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Waste to Energy Plants



Here in the UK our waste management process isn't as good as it could be. Approximately 57% of our waste gets landfilled and that means a whopping 111 million tonnes of controlled waste gets dumped in a landfill every year. It isn't just controlled waste that ends up in landfills either, waste from mining and quarrying and even sewage sludge ends up dumped at a landfill site also. In today's world burying waste and rubbish in old mining sites seems to be the norm and the easiest option, and maybe this was sustainable when there wasn't a population crisis but with a booming population producing a significant increase in waste yearly, burying our rubbish is no longer good enough not to mention how damaging it is to the environment. Unlike most of humanity's problems we can no longer just sweep it under the rug and simply forget about it.


Singapore is a perfect example of how we can improve our waste management systems, not just here in the UK but all around the world. Singapore has a dense population but they have very little land and this makes throwing waste into a landfill unsustainable, there just isn't space. So if you can't throw your waste into a hole in the ground like most other countries what can you do? Singapore's excellent solution to this problem helps them reduce their landfilled waste and create renewable energy without polluting the environment and it leaves me wondering why other countries aren't using this as their primary solution to dealing with waste. This solution lies within their waste to energy plants where they collect all the waste that isn't being recycled and burn it, then the steam produced spins turbines creating electricity and no toxins are released because any smoke created is passed through filters which remove everything harmful.


Singapore's waste is primarily sent to their waste to energy plants and the incineration process reduces their landfill waste by up to 90%. Their landfilled waste is made up of recycled products that have lost their integrity and can no longer be recycled or burned and other household waste that cannot be burned in their waste to energy plants. This landfilled mass still contributes significantly towards global warming due to it producing landfill gases (methane) but if you compare it to the UK where the percentage of waste thrown in landfills is nearly six times that of Singapore it's still a huge step in the right direction.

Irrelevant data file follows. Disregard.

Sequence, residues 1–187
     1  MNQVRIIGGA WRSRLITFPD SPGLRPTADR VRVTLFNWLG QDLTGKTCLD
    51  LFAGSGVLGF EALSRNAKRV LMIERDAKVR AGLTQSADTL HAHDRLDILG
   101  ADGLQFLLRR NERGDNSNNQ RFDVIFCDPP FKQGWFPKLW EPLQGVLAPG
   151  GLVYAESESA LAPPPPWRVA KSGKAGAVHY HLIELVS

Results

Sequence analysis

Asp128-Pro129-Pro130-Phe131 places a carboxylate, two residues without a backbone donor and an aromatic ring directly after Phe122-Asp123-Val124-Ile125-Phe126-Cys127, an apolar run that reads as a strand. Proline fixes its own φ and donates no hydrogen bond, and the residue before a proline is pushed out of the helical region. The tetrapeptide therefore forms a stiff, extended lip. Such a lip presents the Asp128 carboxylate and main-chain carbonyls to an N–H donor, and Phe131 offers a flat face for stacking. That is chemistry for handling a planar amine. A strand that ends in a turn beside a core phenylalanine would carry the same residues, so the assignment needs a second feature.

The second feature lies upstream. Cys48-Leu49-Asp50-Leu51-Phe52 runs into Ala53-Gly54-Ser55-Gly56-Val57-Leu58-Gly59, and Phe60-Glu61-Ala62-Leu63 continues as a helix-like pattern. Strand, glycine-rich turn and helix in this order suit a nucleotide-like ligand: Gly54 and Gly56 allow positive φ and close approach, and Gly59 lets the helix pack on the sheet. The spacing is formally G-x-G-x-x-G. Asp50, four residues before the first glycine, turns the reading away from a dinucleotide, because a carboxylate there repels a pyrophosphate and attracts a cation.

The bi-products of these waste to energy plants are even being harnessed to their full potential, 1 tonne of the bottom ash produced is made up of 10-12% metals and these metals can be used in building products or road construction. The energy produced can come in the form of steam, electricity or hot water. The electricity is fed into the gird and distributed to the end-users, hot water is sent to a nearby district heating network to heat homes, hospitals, offices etc. and the steam can be used by nearby industries in production processes.


Many countries have waste to energy plants and they are using them to lower their carbon footprint and produce energy but they are not using them to their full potential and this really needs to change. It is a well used and proven method that effectively reduces our carbon footprint and the amount of rubbish we pollute our planet with and yet most countries still aren't using it as their primary method for waste management and I just don't understand it.


If you want to learn more about waste to energy plants here is a link to a good little slideshow that explains how they work.


https://www.cewep.eu/wp-content/uploads/2018/07/Interactive-presentation-2018-New-slides.pdf



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